# optimization question

Minimize $x_1+6x_2-x_3$ subject to $7x_1+x_2-x_3=6$, $3x_1+x_2+2x_3\leq 6$, $x_1,x_2\in\mathbb{R_+}$.

I first tried to represent $x_3$ in terms of $x_1$ and $x_2$, so $x_3=7x_1+x_2-6$, substituting this into the cost function: $\min\{x_1+6x_2-7x_1-x_2+6\}\iff \min\{-6x_1+5x_2+6\}$ subject to $3x_1+x_2+2(7x_1+x_2-6)\leq 6\iff 17x_1+3x_2\leq 18$; I'm kind of stuck here. Any pointers?

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What is the domain of your variables? $\mathbb{Z}$ or $\mathbb{R}$ or something more exotic? –  m_l Apr 19 '12 at 15:11
sorry -- it's $\mathbb{R}$. –  Emir Apr 19 '12 at 16:28

Disclaimer: Optimization is certainly not my field of expertise. That being said, this particular example can be solved by some multivariate calculus, I think.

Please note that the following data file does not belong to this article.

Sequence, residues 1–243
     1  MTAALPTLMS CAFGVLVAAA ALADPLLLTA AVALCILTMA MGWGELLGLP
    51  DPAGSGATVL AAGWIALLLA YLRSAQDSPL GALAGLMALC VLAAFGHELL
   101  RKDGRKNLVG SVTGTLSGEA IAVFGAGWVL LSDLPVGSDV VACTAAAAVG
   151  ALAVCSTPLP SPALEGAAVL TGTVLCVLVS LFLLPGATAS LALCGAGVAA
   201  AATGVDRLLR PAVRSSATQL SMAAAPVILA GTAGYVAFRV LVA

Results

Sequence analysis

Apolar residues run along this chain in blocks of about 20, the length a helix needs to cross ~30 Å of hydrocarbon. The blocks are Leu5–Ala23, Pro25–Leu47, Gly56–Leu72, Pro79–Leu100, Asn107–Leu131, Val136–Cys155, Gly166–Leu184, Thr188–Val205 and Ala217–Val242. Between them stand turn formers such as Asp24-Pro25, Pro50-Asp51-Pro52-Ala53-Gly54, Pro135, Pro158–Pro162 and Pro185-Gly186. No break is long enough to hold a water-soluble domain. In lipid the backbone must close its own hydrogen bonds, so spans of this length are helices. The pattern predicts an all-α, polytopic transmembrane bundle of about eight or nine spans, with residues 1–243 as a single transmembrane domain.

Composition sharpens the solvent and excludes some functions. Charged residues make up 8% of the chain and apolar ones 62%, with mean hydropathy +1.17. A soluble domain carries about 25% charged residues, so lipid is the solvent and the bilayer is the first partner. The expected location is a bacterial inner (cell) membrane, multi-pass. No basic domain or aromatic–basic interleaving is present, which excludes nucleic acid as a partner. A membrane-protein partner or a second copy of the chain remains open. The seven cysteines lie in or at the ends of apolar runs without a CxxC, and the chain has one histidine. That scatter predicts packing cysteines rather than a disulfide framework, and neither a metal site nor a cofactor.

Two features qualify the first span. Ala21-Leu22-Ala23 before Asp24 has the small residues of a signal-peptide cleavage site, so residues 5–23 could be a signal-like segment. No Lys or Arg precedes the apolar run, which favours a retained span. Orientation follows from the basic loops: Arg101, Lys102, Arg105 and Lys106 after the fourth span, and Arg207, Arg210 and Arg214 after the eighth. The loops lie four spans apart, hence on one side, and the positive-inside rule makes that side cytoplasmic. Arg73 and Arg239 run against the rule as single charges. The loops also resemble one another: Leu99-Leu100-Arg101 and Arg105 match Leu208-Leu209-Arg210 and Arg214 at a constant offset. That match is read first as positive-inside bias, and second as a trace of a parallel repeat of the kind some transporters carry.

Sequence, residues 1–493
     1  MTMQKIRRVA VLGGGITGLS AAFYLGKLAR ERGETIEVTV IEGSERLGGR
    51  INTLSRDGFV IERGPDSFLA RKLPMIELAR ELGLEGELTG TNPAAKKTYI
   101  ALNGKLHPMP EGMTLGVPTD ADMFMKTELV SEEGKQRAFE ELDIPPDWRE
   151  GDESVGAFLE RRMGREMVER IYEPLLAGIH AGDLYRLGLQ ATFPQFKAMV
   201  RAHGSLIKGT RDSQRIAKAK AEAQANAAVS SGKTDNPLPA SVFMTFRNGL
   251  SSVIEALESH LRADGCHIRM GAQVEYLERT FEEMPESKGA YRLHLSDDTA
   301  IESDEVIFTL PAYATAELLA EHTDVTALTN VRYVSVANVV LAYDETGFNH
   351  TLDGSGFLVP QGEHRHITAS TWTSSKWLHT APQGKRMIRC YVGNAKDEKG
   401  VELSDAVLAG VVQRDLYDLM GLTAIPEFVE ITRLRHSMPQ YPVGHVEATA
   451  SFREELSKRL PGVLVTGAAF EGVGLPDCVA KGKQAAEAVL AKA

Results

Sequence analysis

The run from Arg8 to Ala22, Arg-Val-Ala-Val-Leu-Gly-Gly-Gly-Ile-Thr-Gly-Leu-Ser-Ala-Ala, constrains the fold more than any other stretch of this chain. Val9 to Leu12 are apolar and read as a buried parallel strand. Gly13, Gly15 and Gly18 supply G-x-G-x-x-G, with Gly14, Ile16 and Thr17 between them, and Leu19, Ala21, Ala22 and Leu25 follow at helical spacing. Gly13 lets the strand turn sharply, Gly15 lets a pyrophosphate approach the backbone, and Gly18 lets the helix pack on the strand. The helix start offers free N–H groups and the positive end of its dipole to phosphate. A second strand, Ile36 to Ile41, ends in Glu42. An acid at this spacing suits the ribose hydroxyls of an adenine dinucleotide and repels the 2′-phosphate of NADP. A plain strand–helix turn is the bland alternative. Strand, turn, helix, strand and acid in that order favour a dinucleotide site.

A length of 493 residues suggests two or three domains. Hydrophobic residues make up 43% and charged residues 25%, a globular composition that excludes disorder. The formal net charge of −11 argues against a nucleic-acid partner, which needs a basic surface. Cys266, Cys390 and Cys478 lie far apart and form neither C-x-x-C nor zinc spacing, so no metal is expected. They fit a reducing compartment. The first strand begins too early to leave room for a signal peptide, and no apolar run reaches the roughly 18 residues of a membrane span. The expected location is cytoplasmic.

I assume that linear programming will solve this in the blink of an eye, but I know next to nothing about it, so here is a very basic approach:

The graph of the function $$(x_1,x_2) \mapsto -6x_1+5x_2+6$$ you are trying to minimize is a plane with non-vanishing slope (i.e. the gradient has no zeroes). So there can't be a minimum in the domain defined by $x_1, x_2 > 0$, $17x_1+3x_2 < 18$. Thus, the minimum (which exists, because $x_1, x_2 \ge 0$, $17x_1+3x_2 \le 18$ defines a compact subset of $\mathbb{R}^2$) must lie on the boundary of said domain. You can easily parametrize the boundary (it is the union of three straight lines), plug the parametrization into the original function and solve the resulting one dimensional problem.

Note that the answer to your simplified problem is obvious (make $x_1$ as big as possible, $x_2$ as small as possible). I did all this hokum to provide a more or less formal proof that this is indeed the correct answer.

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